Martha Bedard: "It is a really exciting time for libraries. In all the years I’ve worked in libraries it has never, ever been boring. I remember the first time I barcoded a book, well before everything we bought had a barcode, and I added records to the first online catalog which replaced the print card catalog. Librarians were active on the Internet pre-graphical interface, pre-web."

Karen du Toit's insight:

The exciting future of academic libraries > abot the content and the spaces!

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toraki's curator insight, January 9, 2014 9:30 AM

Ο ρόλος των ακαδημαϊκών βιβλιοθηκών σήμερα - και ένας ήσυχος χώρος για τους φοιτητές...

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FLIP THE MODEL (a pre-print), By Brian Mathews - The Ubiquitous Librarian

FLIP THE MODEL (a pre-print), By Brian Mathews - The Ubiquitous Librarian | The Information Professional | Scoop.it
"FLIP THE MODEL (a pre-print)" About new operating models for academic libraries http://t.co/Q2YiGles1B

 

“Academic libraries are encountering a critical inflection point. In our case it isn’t a single technology that is disrupting our established system, but a barrage of advancements in publishing, pedagogy, and user preferences. The landscape is shifting around us, and the future of scholarship requires us to develop new skills, design new environments, and deliver new service capacities. In short, we need new operating models.” Read the pre-print.

This is the draft version [...] submitted to the editors. The final (authoritative) copy will be out in January 2014 in the Journal of Academic Librarianship. It is a themed issue on innovation, startup thinking, and that sort of thing."

 

Pre-print here: http://vtechworks.lib.vt.edu/handle/10919/23927

Karen du Toit's insight:

Flip the model of academic libraries! The future!

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Library Unveils New Mission, Vision & Values Statements | UCSB Library

Library Unveils New Mission, Vision & Values Statements | UCSB Library | The Information Professional | Scoop.it

Alan Grosenheider, Associate University Librarian for Organizational Development & Effectiveness, recently led Library employees in planning sessions focused upon reviewing and revising the mission and vision of the Library. In an inclusive and participative process, employees helped to shape and write the Library's new mission, vision, and accompanying values statements, focusing on the values that Library employees share in common and on the value that the Library provides students and faculty. These statements are being used as the starting point for the strategic roadmapping conversations that the Library is conducting this fall with stakeholders from across campus.


Vision, Mission and Values here: http://www.library.ucsb.edu/about-library/mission-vision-values

Karen du Toit's insight:

Great example of the values, mussion and values ofd an academic library!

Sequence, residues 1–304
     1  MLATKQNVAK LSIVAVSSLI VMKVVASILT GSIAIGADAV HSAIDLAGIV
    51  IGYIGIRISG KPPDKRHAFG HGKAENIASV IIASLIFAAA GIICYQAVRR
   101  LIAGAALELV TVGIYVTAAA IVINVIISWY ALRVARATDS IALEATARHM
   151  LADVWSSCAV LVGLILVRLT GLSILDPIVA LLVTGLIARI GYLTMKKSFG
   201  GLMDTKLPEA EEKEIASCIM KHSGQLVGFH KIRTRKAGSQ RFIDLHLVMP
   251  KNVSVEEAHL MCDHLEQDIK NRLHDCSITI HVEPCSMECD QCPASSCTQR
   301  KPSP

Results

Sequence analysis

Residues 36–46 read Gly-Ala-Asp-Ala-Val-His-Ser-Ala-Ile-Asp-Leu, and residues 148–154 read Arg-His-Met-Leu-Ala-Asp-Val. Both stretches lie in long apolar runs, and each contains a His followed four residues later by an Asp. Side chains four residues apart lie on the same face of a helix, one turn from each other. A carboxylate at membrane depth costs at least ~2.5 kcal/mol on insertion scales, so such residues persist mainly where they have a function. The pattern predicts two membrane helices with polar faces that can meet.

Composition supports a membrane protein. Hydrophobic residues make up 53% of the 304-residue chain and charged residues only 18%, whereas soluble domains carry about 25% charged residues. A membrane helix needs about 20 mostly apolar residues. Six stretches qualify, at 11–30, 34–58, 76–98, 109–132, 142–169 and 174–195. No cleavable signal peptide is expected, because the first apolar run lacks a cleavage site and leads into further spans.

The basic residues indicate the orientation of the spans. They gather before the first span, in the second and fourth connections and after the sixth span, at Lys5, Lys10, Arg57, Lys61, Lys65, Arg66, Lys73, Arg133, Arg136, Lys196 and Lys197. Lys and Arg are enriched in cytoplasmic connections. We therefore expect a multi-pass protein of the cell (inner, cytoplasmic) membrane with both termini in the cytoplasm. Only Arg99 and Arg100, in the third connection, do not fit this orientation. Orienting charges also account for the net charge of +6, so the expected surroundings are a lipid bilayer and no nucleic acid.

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A day in the life of a librarian - The Daily Cougar

A day in the life of a librarian - The Daily Cougar | The Information Professional | Scoop.it
A day in the life of a librarian The Daily Cougar “I think you'll hear people say, 'With the Web, why do we need libraries or why do we need librarians,' and I actually think you need us more. Kerry Creelman, the Coordinator of Undergraduate Instruction and Outreach, is one of a team of 17 people working in liaison services, the front line of student outreach and education. Creelman is dedicated to finding ways to better serve students and improve grades and, in turn, student success
Karen du Toit's insight:
Who do we still need librarians?
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Big data and digital humanities – a librarian's view | Exchanges

Big data and digital humanities – a librarian's view | Exchanges | The Information Professional | Scoop.it
Humanities is an area ripe for exploiting big data, enabling scholars to analyze topics more broadly and deeply than ever before – whether in the form of books, artworks, music, or any other digitizable format.

 In this video, Amanda Rust, Assistant Head of Research & Instruction, Arts & Humanities at the Snell Library of Northeastern University, Boston, MA tells us about her experience of and visions for the use of big data and digital humanities."

Karen du Toit's insight:

Video interview with Amanda Rust about the use of her experience and visions for big data.

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Daphne Koller – Cofounder, Coursera - about MOOCs | ThisWeekIn Startups

Daphne Koller – Cofounder, Coursera - about MOOCs | ThisWeekIn Startups | The Information Professional | Scoop.it

 

 

"Online learning, in the form of massive open online courses, or MOOCs, has become a massive business. At the university level, there’s EdX, Udacity, and of course, Coursera. One of Coursera’s cofounders, Daphne Koller, is a computer scientist at Stanford, who until recently, was best known for her research on artificial intelligence and machine learning. Coursera, however, is about human learning. The platform makes classes at the nation’s top universities available online, to anyone, for free. Students can earn certificates, and the company is working toward translating those certificates into course credit, that can be transferred into degree-seeking programs. In the meantime, with keyboard biometrics and detailed logging of each click, Coursera plans to use its troves of data to better understand how people learn. Within 5 years, Koller says, Coursera will have the curriculum of a medium to large university.  From LAUNCH Education & Kids, check out this fantastic interview."